A mash-up trifecta
It all started out when Amy of Spunky Eclectic decided to do a sweater spin and knit along on Ravelry for her Less is More pattern. You may already know that I knit a Less is More cardigan not too long ago…but the lure was too great, and I have a lot of sweater-worthy wool.
Not long after getting started on the spinning, a few friends started making comments about how nice it would be to knit Bressay out of handspun – seeing as my spinning was tending towards the fine/fingering weight, I started thinking that perhaps I might knit a Bressay out of handspun applying the less is more color shifts.
While I love the circular yoke of Bressay, I was simply not enamored of the pockets…but I really wanted a dress with pockets, so I started hunting through patterns, looking for something I could combine it with and I found the Still Light Tunic. Bonus for me, they both call for fingering weight yarns and had similar gauges! Another bonus, this would allow me to keep the better fitting yoke of Bressay while adding the neat pocket construction of the Still Light tunic. I don’t know what it is, but I seem to find it challenging to knit a well fitted top-down raglan. I usually overshoot the depth and wind up with too much fabric at the bottom of the yoke – clearly I need to improve on my raglan knitting techniques (or rather, I need to figure out what depth of a raglan yoke I need and write it down so I remember).
In any case, yarn in hand, I got ready to cake it:
The yarn was inspected and the caking process was closely supervised as you can see. Here are all the cakes, lined up in transitional order.
After caking, I did the responsible thing and swatched:
Through this process, I discovered that I would be committing myself to a rather sizeable project on US2 needles. I’m a little amazed still that I finished the knitting in less than a month! With the swatching complete, the knitting got underway. Here’s a close up shot of the yoke:
Once the yoke was done, it was basically miles of stockinette. Trying to estimate length by re-checking row gauge periodically was proving challenging as every time I laid the dress down to measure progress, this happened:
Eventually I decided I was pretty close to matching the called out row gauge, and stuffed the whole dress into a bag, leaving only the working end sticking out – I did this to minimize wear on the fabric while I kept turning it around and around in my lap. Eventually, I hit the end and bound off:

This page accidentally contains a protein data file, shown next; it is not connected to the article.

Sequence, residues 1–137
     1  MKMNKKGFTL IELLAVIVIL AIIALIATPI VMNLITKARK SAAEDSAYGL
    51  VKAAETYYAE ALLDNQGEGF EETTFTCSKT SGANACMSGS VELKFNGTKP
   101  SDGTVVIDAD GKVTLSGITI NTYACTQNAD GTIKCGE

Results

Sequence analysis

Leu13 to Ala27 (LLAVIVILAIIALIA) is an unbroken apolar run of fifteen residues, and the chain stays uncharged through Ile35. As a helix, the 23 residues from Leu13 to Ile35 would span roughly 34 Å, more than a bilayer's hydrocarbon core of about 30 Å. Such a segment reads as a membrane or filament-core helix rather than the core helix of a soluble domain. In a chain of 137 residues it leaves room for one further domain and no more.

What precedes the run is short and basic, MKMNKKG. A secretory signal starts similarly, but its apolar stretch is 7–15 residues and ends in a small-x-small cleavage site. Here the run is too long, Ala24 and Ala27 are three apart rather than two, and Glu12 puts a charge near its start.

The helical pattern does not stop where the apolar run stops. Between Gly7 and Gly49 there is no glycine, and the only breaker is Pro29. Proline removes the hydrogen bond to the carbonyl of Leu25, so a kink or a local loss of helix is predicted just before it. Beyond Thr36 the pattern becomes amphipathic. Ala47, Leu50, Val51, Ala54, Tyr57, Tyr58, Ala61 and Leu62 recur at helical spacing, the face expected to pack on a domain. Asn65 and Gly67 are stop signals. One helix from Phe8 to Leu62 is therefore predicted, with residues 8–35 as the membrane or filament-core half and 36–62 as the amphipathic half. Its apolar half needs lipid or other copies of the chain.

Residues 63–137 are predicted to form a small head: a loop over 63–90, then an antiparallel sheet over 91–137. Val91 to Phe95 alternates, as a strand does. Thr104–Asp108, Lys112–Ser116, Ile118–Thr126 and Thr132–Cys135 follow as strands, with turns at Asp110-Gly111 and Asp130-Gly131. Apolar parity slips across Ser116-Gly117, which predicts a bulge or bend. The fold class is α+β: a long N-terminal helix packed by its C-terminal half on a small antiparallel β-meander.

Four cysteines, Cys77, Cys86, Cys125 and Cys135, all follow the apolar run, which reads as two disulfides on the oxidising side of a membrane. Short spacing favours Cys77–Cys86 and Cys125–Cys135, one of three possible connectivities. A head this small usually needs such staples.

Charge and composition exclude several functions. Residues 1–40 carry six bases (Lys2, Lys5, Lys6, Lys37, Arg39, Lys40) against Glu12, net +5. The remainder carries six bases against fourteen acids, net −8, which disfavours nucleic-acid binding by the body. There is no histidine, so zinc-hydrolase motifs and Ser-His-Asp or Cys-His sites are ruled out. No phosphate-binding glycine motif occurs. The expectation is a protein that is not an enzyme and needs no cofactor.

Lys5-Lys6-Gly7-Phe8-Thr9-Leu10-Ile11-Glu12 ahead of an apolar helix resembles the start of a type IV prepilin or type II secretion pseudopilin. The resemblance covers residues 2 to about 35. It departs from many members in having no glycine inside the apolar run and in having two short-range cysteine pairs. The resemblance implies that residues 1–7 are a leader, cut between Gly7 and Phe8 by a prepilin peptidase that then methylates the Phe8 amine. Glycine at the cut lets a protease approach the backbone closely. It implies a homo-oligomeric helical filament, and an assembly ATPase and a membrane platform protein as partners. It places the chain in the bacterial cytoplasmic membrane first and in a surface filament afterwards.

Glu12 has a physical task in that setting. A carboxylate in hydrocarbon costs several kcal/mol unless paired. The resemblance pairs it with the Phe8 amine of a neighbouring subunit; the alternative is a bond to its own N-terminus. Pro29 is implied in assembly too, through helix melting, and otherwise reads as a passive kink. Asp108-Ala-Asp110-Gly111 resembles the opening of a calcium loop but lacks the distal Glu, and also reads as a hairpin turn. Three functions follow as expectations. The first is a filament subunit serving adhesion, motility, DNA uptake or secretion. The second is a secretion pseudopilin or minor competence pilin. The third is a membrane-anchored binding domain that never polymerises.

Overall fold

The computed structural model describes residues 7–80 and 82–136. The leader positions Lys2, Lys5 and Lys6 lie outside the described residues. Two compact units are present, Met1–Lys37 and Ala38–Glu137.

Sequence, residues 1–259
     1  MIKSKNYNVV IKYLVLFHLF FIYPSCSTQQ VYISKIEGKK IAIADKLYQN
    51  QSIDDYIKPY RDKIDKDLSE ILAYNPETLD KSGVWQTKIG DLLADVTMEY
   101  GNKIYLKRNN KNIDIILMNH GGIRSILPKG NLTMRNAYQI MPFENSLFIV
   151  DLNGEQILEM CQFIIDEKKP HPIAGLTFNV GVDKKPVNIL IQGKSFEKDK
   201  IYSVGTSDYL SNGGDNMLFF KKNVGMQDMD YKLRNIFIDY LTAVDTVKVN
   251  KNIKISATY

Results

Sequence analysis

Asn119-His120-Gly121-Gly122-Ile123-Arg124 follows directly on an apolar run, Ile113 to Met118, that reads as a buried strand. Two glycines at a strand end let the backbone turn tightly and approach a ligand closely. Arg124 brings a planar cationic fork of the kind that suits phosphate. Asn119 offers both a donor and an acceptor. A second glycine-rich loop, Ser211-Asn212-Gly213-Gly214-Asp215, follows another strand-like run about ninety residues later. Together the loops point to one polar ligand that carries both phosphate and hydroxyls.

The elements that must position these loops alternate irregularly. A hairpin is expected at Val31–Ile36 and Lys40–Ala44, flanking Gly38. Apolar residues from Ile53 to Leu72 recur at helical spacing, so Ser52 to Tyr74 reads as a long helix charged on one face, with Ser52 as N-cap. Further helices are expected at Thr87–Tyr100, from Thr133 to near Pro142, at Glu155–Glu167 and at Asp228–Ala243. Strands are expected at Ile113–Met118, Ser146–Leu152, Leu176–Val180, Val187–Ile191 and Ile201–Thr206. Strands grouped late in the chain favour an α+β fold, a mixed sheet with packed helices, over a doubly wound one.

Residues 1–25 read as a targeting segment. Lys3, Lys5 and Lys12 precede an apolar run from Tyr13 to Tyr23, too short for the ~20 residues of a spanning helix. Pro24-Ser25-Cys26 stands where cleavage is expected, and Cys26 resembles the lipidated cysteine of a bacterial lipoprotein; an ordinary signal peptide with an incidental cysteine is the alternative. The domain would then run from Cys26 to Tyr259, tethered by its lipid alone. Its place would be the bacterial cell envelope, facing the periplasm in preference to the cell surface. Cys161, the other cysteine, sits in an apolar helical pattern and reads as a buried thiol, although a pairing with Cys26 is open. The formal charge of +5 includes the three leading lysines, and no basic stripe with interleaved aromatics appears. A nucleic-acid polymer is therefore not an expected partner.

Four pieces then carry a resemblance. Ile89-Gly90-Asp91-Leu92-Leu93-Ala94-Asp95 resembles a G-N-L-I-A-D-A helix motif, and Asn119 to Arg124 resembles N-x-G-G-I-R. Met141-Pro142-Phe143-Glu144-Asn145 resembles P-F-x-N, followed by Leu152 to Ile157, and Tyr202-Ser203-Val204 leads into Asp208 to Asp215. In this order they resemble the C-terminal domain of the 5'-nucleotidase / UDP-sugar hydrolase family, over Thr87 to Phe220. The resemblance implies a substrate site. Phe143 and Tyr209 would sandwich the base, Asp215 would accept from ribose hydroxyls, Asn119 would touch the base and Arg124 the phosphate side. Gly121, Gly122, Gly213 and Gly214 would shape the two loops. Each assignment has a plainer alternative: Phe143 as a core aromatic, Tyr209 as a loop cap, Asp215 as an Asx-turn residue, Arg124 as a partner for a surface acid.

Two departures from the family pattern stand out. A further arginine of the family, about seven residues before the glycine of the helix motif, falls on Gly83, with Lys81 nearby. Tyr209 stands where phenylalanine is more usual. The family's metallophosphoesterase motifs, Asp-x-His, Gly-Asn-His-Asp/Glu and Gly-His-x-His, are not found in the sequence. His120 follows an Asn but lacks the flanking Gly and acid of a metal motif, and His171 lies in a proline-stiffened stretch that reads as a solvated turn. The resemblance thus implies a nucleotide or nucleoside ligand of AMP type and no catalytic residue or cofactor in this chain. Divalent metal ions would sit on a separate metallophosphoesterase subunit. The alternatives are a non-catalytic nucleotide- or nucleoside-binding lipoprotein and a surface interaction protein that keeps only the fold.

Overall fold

The pockets were then knit in, and the dress laid out to block…
I don’t know if I should be surprised or not, but one of my cats was absolutely enamored of the damp wool and decided that he wanted to try to make a nest out of the previously neatly laid out dress. Luckily for me (and him too, I guess), he’s well mannered enough to not get his claws out while he was trying to rearrange the fabric to his liking!
Here it is, freshly dried, and hastily modeled under the harsh sun:
Fit: Not incredibly flattering, but very comfortable. The dress grew about 3 inches during the blocking process – which unfortunately puts the pockets in an awkward location – you can see that just my fingertips land inside the pockets. Lengthwise, I think the dress is alright – I was going to be happy with anything from just above the knee to just below the knee.
Modifications & Notes: Added some amount of princess shaping at the back and sides, though it does not appear to have been aggressive enough to draw in the dress above my waist – this is also likely due to the design of the pockets, which utilize a pleat formed at the fronts of the dress. I moved the location of the front pleats to be closer to the center of the dress, and had to estimate the number of cast on stitches to make up the front pockets once the pocket separation was completed. I think I could have gotten away with adding fewer stitches, though it would have really made the pockets look like deep slash pockets I suspect. At this point, I’m trying to decide if I’m good with it as is, or if I want to try to tear back to change the location of the pockets and ultimately shorten the dress a bit….for now, I’m leaving things alone, mostly because I don’t want to contemplate what all would be involved in shifting the pockets up several inches. I suspect it would be easy enough to do, I’d just have to work out placement, and tear everything back to that point and reknit – and really, that’s the more daunting bit.
Reference Patterns: Less is More, Bressay & the Still Light Tunic
Yarns: All Bluefaced Leicester Wool, handspun, 2-ply fingering weight. From top to bottom: Southern Cross Fibre Monastic Robes, Hello Yarn Scorch, Spunky Eclectic Friends Forever, HelloYarn/Southern Cross Fibre Mochi en Fuego (combo spin, Superwash BFL), HelloYarn Troublemaker, Southern Cross Fibre Gunslinger. Trim: Southern Cross Fibre Bracken. Ecru accents in the colorwork are a commercially spun superwash merino wool yarn.